Will the FDA Approve Alexza's Adasuve?

Will the Food and Drug Administration approve Alexza Pharmaceuticals' (Nasdaq: ALXA  ) Adasuve? The question could be rephrased, "Will the FDA buy Alexza's new risk evaluation and mitigation strategy?" Because that's basically what the approval comes down to.

There's little doubt about the efficacy of Adasuve, an inhaled antipsychotic. The FDA advisory panel voted 17 to 1 that the drug was effective as a treatment for agitation against schizophrenia and bipolar mania. Adasuve was only compared to placebo, which could make it tough to compete with injectable forms of Eli Lilly's (NYSE: LLY  ) Zyprexa, Bristol-Myers Squibb's (NYSE: BMY  ) Abilify and Pfizer's (NYSE: PFE  ) Geodon, but the lack of a head-to-head trial shouldn't keep Adasuve from getting approved.

Adasuve's stumbling block is with safety. The drug is inhaled and seems to decrease lung function in patients taking the drug. It's not a major problem for the average patient, but may be a problem for patients with lung conditions such as asthma or chronic obstructive pulmonary disorder.

Enter the "risk evaluation and mitigation strategy," or REMS. The proposal calls for patients to be prescreened to ensure that they don't have lung issues and then watched afterward to ensure that no issues arise later. Facilities will need to be prepared to deal with patients who have respiratory issues.

Alexza proposed one REMS, and the FDA proposed another. The advisory panel liked the agency's tougher version better. The panel voted 9 to 8, with one abstention, that the drug should be approved with the FDA's suggested REMS.

Alexza saw the writing on the wall -- literally, as the advisory panel votes were displayed on a screen on the wall at the meeting -- and submitted a new REMS, which delayed the FDA decision by three months to tomorrow, assuming the agency meets its Prescription Drug User Fee Act goal.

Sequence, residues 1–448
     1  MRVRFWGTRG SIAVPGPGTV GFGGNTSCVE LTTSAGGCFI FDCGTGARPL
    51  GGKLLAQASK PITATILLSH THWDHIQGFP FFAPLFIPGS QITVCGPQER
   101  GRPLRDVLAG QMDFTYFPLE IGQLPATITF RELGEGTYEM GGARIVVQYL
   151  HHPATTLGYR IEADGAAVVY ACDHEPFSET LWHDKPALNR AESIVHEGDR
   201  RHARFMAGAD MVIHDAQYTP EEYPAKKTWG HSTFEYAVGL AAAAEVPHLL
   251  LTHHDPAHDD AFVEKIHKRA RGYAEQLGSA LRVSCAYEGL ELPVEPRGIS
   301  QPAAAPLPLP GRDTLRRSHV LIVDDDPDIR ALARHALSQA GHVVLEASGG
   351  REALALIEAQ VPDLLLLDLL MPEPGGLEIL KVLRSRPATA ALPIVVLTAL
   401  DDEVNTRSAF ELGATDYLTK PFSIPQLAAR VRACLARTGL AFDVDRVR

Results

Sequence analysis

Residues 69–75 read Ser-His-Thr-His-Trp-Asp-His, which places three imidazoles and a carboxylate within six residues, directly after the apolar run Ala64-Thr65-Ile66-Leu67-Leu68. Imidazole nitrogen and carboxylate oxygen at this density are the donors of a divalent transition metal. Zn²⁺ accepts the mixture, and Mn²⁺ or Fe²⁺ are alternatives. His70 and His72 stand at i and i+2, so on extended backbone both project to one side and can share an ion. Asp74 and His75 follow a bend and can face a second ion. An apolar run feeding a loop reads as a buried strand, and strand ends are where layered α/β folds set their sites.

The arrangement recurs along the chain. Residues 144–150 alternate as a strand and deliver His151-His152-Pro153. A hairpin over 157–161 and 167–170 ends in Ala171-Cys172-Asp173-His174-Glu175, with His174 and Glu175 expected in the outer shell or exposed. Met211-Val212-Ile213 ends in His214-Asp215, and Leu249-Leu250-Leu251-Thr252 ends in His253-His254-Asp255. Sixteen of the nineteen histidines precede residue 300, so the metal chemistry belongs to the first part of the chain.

As I said at the start, the question basically comes down to whether the FDA believes the REMS can protect patients from lung issues. My guess is that the agency rejects Adasuve, because a 9-to-8 vote isn't exactly a resounding vote of confidence, and there are other options for treating agitation in patients with schizophrenia and bipolar mania.

But that's just a guess based on what we know; getting into the FDA's heads on this one is a little tough. Let us know what you think in the poll below and fill in your reasoning in the comments box below.

Fool contributor Brian Orelli holds no position in any company mentioned. Click here to see his holdings and a short bio. Motley Fool newsletter services have recommended buying shares of Pfizer. The Motley Fool has a disclosure policy. We Fools may not all hold the same opinions, but we all believe that considering a diverse range of insights makes us better investors. Try any of our Foolish newsletter services free for 30 days.


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  • Report this Comment On May 03, 2012, at 3:03 PM, thesunbird76 wrote:

    Just like Motley Fools to incite fear. You people are probably puppets working for the hedge funds hoping to drive the price of ALXA down by writing a misleading article. Good always in the end over comes evil.

  • Report this Comment On May 03, 2012, at 3:08 PM, pappacritique wrote:

    Considering this was a re-submission and the vote was so close--chances are it will be approved. There will be considerable hurdles to clear in terms of mitigation with the slew of negative side effects that come with any newly marketed drug. It's a close call. No risk, no reward, right?

  • Report this Comment On May 03, 2012, at 6:33 PM, Momentum21 wrote:

    sunbird - ALXA needs no help driving its stock price down...

    I thought it was a good small bet after it sold off late in the day but I was wrong. Probably a leak that should have been an red flag I guess. : (

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